Over the past several decades, the Mexican cartels have made a big push into the U.S. heroin market, and heroin from Mexico now accounts for some 90 percent of the wholesale seizures of that drug in the United States. While some South American and Southwest Asian heroin is still entering the country, the Mexicans have clearly dominated the market with their inexpensive and potent product. In the cocaine and even the methamphetamine trade, the Mexicans often work with other criminal groups in the United States on street-level retail sales. While they cooperate with other gangs to sell heroin in some cities, in many places, Mexican criminals own the entire distribution channel. The Mexicans have dramatically changed the methods used to distribute the drug. Users no longer have to travel into the inner city in search of heroin. Just like pizza delivery, Mexican traffickers will now bring your order to your home in the suburbs and small towns, making heroin no longer just a big city problem.
The Mexican cartels also use this same complex logistical system to distribute fentanyl, whether as a substitute for or supplement to heroin or to replace pharmaceutical opioids like oxycodone. Like heroin (and meth, for that matter), fentanyl is also being brought into the United States through other avenues. Some Asian and Canadian criminals are mailing it directly to buyers or sending some by couriers, but the volume of trade conducted through the darknet and mail order is far smaller than what is smuggled in by Mexican cartels.

The Growing Threat

The problem of darknet sales isn't trivial — an ounce of fentanyl mailed into the United States (at a significant health risk to postal workers) can provide over 14,000 2-milligram doses. And some recent seizures of Mexican fentanyl have come in much larger quantities. In August the Mexican military halted a shipment of 63.5 kilograms of fentanyl bound for the United States through Tijuana at a checkpoint in San Luis Rio Colorado. Also that month, the DEA seized 30,000 fentanyl-laced pills from a Sinaloa cartel network. Earlier, U.S. Customs and Border Protection agents in Nogales, Arizona, had seized about 10 kilograms of fentanyl coming in from Mexico on April 23, and on June 30, agents seized another 15 kilos after a vehicle stop in San Diego.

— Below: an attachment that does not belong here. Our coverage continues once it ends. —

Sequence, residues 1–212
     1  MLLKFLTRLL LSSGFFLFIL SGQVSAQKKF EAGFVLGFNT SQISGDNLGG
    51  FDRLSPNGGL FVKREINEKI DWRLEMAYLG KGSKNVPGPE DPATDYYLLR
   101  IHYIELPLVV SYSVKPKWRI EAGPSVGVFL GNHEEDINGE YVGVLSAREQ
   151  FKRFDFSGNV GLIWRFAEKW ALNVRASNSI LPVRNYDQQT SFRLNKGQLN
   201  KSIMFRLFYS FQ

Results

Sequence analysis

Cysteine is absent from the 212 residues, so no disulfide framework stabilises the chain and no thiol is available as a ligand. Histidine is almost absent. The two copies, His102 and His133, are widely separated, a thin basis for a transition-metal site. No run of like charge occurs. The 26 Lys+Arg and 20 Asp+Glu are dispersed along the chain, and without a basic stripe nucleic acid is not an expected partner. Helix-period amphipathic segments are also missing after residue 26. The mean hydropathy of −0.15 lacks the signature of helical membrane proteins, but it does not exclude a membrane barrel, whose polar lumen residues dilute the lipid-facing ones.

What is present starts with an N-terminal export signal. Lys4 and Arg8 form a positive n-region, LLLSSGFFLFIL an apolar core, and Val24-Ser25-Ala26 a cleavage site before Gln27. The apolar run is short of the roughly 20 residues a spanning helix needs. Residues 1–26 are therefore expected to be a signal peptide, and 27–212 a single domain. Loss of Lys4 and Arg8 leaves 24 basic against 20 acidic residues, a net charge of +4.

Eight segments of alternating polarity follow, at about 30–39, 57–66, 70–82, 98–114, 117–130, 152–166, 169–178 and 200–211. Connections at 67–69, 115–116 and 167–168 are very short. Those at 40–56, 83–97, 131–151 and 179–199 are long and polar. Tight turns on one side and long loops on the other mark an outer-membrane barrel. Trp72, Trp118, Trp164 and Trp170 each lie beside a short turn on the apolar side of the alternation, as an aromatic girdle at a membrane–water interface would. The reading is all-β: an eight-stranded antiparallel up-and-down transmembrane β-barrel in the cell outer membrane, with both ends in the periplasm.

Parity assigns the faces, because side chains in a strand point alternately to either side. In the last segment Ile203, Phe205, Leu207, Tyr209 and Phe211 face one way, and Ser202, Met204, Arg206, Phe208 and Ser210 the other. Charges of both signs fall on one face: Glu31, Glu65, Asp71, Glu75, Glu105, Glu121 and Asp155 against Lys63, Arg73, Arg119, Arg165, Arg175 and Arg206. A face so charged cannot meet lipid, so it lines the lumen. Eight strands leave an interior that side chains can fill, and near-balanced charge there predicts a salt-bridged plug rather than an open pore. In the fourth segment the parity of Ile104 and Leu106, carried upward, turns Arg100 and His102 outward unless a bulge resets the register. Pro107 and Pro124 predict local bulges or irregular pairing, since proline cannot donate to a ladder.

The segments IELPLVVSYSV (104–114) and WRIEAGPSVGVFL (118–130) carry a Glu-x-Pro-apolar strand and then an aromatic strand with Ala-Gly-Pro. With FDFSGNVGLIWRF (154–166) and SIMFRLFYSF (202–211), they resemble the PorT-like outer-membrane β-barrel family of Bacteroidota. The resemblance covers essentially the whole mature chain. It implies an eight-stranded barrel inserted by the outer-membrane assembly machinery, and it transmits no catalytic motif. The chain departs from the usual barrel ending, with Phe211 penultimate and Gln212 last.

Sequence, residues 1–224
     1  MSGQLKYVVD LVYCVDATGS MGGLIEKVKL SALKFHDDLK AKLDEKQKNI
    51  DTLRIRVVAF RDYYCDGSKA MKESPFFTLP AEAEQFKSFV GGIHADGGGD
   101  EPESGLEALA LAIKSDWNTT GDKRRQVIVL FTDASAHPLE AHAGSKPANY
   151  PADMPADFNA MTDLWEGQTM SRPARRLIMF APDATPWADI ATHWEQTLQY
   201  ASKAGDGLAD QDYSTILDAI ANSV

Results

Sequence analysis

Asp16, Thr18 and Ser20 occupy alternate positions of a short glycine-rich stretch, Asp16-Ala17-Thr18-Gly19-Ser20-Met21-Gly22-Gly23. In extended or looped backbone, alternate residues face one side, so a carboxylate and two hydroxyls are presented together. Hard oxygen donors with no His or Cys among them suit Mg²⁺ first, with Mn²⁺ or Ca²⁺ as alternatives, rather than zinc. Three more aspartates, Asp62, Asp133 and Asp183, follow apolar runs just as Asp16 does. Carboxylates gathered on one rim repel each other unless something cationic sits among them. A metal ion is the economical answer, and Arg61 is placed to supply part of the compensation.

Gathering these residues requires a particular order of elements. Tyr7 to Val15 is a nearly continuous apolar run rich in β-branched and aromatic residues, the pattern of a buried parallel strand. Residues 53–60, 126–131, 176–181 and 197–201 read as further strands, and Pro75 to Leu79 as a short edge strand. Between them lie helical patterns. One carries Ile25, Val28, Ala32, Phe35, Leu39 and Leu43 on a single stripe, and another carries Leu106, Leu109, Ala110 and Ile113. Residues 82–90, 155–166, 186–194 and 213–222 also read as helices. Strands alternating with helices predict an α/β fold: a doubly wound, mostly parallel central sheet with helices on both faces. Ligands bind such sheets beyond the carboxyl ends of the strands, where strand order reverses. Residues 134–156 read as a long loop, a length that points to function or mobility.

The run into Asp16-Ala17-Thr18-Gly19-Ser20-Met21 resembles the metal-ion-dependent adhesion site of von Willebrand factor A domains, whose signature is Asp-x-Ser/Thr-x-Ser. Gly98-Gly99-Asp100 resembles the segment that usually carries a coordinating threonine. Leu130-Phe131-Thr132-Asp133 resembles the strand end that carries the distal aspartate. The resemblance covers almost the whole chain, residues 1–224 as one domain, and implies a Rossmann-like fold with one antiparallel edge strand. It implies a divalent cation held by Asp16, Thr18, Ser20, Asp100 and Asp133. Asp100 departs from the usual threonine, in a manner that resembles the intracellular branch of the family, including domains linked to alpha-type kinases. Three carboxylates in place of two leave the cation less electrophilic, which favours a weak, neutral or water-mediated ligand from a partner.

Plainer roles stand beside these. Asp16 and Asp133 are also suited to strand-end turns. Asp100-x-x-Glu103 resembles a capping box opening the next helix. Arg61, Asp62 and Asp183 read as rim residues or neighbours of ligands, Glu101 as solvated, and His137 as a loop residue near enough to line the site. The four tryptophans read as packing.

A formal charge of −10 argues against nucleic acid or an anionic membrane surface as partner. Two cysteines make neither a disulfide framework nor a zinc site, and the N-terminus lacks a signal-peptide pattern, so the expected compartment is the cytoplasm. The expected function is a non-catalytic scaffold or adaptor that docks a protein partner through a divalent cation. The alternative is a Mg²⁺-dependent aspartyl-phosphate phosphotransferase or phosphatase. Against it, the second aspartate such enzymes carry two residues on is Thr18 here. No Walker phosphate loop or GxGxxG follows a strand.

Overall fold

In August and September, the DEA and New York Police Department also made two large fentanyl seizures that appear to be linked to Mexico. First, NYPD made another 63.5 kilogram seizure during a raid on a Kew Gardens apartment in Queens, as well as about 27 kilos of fentanyl mixed with other narcotics. In a second raid, the department seized 25 kilograms of fentanyl and heroin in the Bronx. Before this year, the U.S. record for a fentanyl seizure had been 40 kilograms, which was confiscated from a man with links to Mexico in June 2016 in Bartow County, Georgia.
Overall, seizures of fentanyl by Customs and Border Protection have risen from a little less than 1 kilogram in fiscal year 2013 to about 200 kilograms in fiscal year 2016. This pattern of seizures closely matches trends in the heroin and methamphetamine trade: Some fentanyl is coming in from other places, including Asia, but that amount is dwarfed by the quantities flooding in from Mexico.

Fighting the Problem

There is no easy way to halt the influx of fentanyl to the United States. Like the other segments of the narcotics business, economics drives the fentanyl trade. As long as users are willing to pay for these powerful and potentially deadly drugs, creative traffickers will find ways to meet that demand. However, efforts are being made to impede the flow.
In March 2017, the Chinese government declared four variations of fentanyl — carfentanil, furanyl fentanyl, acryl fentanyl and valeryl fentanyl — as controlled substances. This should help curtail the sale of them through the mail from China. However, it will not extinguish that source, because inventive chemists will continue to create new analogs in an effort to stay ahead of regulations. But even if the Chinese supply is stemmed a bit, that just plays into the hands of the Mexican cartels by helping them increase their market share. Previous efforts to curb the sales of meth precursor chemicals helped the cartels corner the U.S. meth market.
In terms of scope, even if fentanyl imported from all other sources were halted altogether, it would not end the threat coming from Mexico. Unless the stream of precursor chemicals to Mexico is interrupted, its cartels are capable of producing more than enough of the drug to meet U.S. demand. In this way, fentanyl mirrors meth. In both cases, halting the flow of their precursors is the key to halting their manufacture. Unfortunately, corruption and lawlessness in Mexico gives the cartels a great deal of latitude. As with methamphetamine, so long as the cartels can obtain the necessary chemicals, they will be able to synthesize the drugs that permit them to bribe officials, buy weapons and pay their gunmen. In the meantime, all U.S. authorities can do is try their best to limit the deadly tide, while deploying the medication naloxone more widely to try to save the lives of the rising number of fentanyl overdose patients.
Editor's Note: This analysis has been amended to remove an incorrect reference to the use of fentanyl to manufacture heroin.